Not sure if anyone will ever read it, or anyone cares, but I commented here. If you haven't done so yet I encourage you to do so too:
To whom it may concern,
I am writing in response to the FAA's Interpretive rule for model aircraft. The proposed regulations are concerning to me as a hobbyist, photographer, and engineer interested in developing new technology. The specifics of the rule portray the FAA to be ignorant of the hobby and acting out of retribution for the Piker V Huerta ruling. The proposal does little to improve the safety of air travel. Instead, it threatens to destroy a past time, stifle innovation, and squash entrepreneurship.
I have been involved in model aviation for nearly 20 years, and an AMA member for most of them. I grew up following the technological advances in this hobby and attribute much of my professional success as an engineer to skills and interests cultivated in this hobby. I worked summers in high school teaching kids model aviation and rocketry. I believe this hobby gave me a lot and can do the same for others, which is why I feel strongly about protecting it.
To many, including myself, the technology side of hobby is more exciting than actually flying. The advancements in electronic flight controllers, first person video, and new battery technology has given birth to a new era of innovators and hobbyists. The FAA's ban on video goggles is silly and misinformed. FPV flying has the potential to be a more accurate and safe way to fly model air craft than the conventional 'line of sight' method. Safe flight has nothing to do with FPV and everything to do with pilots acting responsibly and with care.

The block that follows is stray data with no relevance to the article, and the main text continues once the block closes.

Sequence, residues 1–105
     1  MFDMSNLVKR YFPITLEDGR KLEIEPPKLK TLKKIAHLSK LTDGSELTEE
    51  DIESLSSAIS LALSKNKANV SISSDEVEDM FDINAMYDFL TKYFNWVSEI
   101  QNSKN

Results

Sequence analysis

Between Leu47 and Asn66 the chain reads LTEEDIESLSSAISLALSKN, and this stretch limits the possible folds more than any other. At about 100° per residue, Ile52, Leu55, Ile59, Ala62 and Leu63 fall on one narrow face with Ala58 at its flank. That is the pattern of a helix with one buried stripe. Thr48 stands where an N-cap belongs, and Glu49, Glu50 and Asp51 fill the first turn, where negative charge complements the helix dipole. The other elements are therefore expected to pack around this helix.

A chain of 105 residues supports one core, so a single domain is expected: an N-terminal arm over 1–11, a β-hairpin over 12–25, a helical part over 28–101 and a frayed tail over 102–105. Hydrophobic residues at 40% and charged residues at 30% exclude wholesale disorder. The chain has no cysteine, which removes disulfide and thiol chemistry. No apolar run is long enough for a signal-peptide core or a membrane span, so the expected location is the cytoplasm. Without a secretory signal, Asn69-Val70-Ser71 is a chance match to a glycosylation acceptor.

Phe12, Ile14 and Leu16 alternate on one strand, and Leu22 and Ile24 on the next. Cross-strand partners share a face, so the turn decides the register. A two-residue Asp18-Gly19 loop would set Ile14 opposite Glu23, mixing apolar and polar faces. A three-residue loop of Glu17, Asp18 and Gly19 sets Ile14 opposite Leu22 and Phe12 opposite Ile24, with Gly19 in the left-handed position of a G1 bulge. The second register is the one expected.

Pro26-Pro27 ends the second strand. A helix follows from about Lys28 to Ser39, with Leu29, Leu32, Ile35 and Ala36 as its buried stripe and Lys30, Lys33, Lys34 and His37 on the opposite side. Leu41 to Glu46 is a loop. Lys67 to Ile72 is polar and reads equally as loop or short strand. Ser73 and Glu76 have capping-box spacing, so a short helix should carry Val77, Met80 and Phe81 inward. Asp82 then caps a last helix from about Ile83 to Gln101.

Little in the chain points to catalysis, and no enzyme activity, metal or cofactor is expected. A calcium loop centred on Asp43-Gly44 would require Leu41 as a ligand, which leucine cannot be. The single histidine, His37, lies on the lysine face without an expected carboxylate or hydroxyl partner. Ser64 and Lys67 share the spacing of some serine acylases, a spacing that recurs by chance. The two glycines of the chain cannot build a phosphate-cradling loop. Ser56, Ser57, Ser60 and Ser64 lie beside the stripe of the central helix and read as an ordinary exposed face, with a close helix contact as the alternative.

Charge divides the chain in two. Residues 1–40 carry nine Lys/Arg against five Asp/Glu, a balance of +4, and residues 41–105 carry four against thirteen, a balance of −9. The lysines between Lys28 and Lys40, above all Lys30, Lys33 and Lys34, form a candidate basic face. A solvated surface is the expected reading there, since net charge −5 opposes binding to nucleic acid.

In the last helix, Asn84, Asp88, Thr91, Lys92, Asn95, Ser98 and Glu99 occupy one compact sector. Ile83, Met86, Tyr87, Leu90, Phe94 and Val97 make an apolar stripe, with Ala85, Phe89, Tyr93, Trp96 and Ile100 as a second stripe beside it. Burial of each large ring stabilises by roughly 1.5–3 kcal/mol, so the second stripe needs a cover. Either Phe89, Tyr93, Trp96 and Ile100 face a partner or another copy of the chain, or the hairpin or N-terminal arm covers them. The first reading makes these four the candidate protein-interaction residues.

I also take objection to the FAA's strict ban on commercial flights under the guise of public safety. If a model aircraft pilot is paid to take aerial photographs of a location, how does that make it less safe than if if he or she were not paid? Why can professionally sponsored pilots not be paid, as they have been for years, for demonstrating their skills at controlled events? Do hobby and toy companies need a COA to test their products?
There needs to be a distinction between small hobby grade UAV for commercial use and large UAV used by our government. The two are not the same and should not be treated as such. A size or weight class exemption would be appropriate for small UAV commercial use. UAVs have the potential to do great good and improve the safety of our airspace by doing things that would normally put a human operator in danger. The United States should strive to be a leader in this technology.
I suggest that the FAA work with hobbyists and entrepreneurs to develop common sense guidelines that preserves our country's safe airspace while protecting the rights of the model aviation community and encouraging growth of commercial UAV. I believe that the previous FAA advisory to model aircraft is appropriate:
1) Stay below 400 feet
2) Do not fly beyond line of slight range with the ground pilot
3) Stay away from developed areas
I would further suggest that size or weight classes be setup so there can be a distinction between small UAV and larger aircraft. Hobby grade UAV, be it used for commercial or recreational use, do not pose the same risk as aircraft that are orders of magnitude bigger. The FAA should recognize this and know which is appropriate to regulate.
By working with the community, the FAA can ensure that our country remains a leader in both air safety and emerging technology. I hope the FAA will revise their rule making based on feedback from the public.